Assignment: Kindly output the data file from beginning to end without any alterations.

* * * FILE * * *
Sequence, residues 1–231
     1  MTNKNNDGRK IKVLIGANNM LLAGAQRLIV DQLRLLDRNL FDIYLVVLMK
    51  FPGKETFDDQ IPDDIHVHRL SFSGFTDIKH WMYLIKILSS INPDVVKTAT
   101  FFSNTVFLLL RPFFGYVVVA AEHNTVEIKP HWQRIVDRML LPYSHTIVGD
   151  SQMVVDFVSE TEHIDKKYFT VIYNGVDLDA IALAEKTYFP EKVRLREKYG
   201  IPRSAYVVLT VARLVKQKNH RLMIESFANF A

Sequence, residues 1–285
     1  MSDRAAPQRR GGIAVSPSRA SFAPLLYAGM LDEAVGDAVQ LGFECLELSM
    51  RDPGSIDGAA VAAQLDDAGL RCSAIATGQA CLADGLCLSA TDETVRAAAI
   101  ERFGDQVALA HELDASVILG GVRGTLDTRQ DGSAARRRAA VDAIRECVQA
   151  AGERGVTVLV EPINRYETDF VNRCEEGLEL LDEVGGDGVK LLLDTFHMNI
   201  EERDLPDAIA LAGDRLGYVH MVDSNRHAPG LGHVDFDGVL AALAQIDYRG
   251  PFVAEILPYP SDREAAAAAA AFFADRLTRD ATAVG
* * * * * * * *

Sequence, residues 1–231
     1  MTNKNNDGRK IKVLIGANNM LLAGAQRLIV DQLRLLDRNL FDIYLVVLMK
    51  FPGKETFDDQ IPDDIHVHRL SFSGFTDIKH WMYLIKILSS INPDVVKTAT
   101  FFSNTVFLLL RPFFGYVVVA AEHNTVEIKP HWQRIVDRML LPYSHTIVGD
   151  SQMVVDFVSE TEHIDKKYFT VIYNGVDLDA IALAEKTYFP EKVRLREKYG
   201  IPRSAYVVLT VARLVKQKNH RLMIESFANF A

Sequence, residues 1–285
     1  MSDRAAPQRR GGIAVSPSRA SFAPLLYAGM LDEAVGDAVQ LGFECLELSM
    51  RDPGSIDGAA VAAQLDDAGL RCSAIATGQA CLADGLCLSA TDETVRAAAI
   101  ERFGDQVALA HELDASVILG GVRGTLDTRQ DGSAARRRAA VDAIRECVQA
   151  AGERGVTVLV EPINRYETDF VNRCEEGLEL LDEVGGDGVK LLLDTFHMNI
   201  EERDLPDAIA LAGDRLGYVH MVDSNRHAPG LGHVDFDGVL AALAQIDYRG
   251  PFVAEILPYP SDREAAAAAA AFFADRLTRD ATAVG